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Overview
Comment:The %W date specifier in strftime should be measured from the first Monday of the year. Ticket #758. (CVS 1805)
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Files: files | file ages | folders
SHA1: 50b016b00470e6303ede1173d0447d8239563263
User & Date: drh 2004-07-18 22:22:44
Context
2004-07-18
23:06
Use only unsigned characters for upper() and lower(). Ticket #708. (CVS 1808) check-in: 2464f79e user: drh tags: trunk
22:22
The %W date specifier in strftime should be measured from the first Monday of the year. Ticket #758. (CVS 1805) check-in: 50b016b0 user: drh tags: trunk
21:33
An improved fix for the min() problem of ticket #800. (CVS 1804) check-in: b6e8b7a1 user: drh tags: trunk
Changes
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Changes to src/date.c.

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** This file contains the C functions that implement date and time
** functions for SQLite.  
**
** There is only one exported symbol in this file - the function
** sqlite3RegisterDateTimeFunctions() found at the bottom of the file.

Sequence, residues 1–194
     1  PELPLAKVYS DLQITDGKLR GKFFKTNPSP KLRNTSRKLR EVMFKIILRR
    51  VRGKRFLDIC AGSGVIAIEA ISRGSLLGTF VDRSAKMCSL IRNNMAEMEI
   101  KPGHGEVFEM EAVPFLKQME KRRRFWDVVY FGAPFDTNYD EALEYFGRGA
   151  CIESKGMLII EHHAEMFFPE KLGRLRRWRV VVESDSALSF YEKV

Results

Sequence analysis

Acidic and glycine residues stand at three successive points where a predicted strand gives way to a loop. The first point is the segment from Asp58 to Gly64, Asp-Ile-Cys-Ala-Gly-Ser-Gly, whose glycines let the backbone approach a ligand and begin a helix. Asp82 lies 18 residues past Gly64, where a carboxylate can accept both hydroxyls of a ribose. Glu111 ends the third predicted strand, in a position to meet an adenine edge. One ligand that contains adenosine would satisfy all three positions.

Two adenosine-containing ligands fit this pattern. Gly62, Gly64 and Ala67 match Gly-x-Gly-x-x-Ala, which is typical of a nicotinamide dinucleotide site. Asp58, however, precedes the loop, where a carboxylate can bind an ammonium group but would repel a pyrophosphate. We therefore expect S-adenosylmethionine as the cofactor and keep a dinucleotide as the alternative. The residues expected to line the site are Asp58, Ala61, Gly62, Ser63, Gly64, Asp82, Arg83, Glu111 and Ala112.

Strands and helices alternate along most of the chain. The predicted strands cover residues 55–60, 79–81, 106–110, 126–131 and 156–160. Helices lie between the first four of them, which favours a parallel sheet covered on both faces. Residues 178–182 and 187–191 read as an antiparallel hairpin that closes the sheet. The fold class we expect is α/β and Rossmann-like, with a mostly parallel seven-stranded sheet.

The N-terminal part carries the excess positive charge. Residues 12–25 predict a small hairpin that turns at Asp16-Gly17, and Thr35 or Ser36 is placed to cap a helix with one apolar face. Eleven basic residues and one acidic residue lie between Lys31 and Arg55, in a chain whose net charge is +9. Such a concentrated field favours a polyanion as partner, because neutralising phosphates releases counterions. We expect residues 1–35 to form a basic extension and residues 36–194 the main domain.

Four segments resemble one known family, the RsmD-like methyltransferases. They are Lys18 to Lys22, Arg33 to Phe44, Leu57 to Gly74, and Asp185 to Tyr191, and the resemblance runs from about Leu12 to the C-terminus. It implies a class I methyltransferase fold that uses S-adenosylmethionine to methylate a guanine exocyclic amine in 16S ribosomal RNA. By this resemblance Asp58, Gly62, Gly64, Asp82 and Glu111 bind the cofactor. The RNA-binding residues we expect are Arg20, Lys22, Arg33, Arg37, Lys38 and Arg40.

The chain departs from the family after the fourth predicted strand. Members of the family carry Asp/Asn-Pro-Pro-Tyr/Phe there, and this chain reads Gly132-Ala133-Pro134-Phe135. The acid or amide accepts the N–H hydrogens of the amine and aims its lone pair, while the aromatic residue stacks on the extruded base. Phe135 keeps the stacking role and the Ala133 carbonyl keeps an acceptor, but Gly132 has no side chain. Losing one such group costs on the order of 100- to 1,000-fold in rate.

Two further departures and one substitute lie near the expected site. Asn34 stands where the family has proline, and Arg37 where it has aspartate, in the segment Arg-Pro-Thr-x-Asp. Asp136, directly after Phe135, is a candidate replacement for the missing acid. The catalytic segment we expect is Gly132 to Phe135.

** All other code has file scope.
**
** $Id: date.c,v 1.30 2004/06/19 08:18:08 danielk1977 Exp $
**
** NOTES:
**
** SQLite processes all times and dates as Julian Day numbers.  The
** dates and times are stored as the number of days since noon
** in Greenwich on November 24, 4714 B.C. according to the Gregorian
** calendar system.
................................................................................
          sprintf(&z[j],"%02d.%03d",s,ms);
          j += strlen(&z[j]);
          break;
        }
        case 'H':  sprintf(&z[j],"%02d",x.h); j+=2; break;
        case 'W': /* Fall thru */
        case 'j': {
          int n;
          DateTime y = x;
          y.validJD = 0;
          y.M = 1;
          y.D = 1;
          computeJD(&y);
          n = x.rJD - y.rJD + 1;
          if( zFmt[i]=='W' ){


            sprintf(&z[j],"%02d",(n+6)/7);
            j += 2;
          }else{
            sprintf(&z[j],"%03d",n);
            j += 3;
          }
          break;
        }
        case 'J':  sprintf(&z[j],"%.16g",x.rJD); j+=strlen(&z[j]); break;
        case 'm':  sprintf(&z[j],"%02d",x.M); j+=2; break;
        case 'M':  sprintf(&z[j],"%02d",x.m); j+=2; break;







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** This file contains the C functions that implement date and time
** functions for SQLite.  
**
** There is only one exported symbol in this file - the function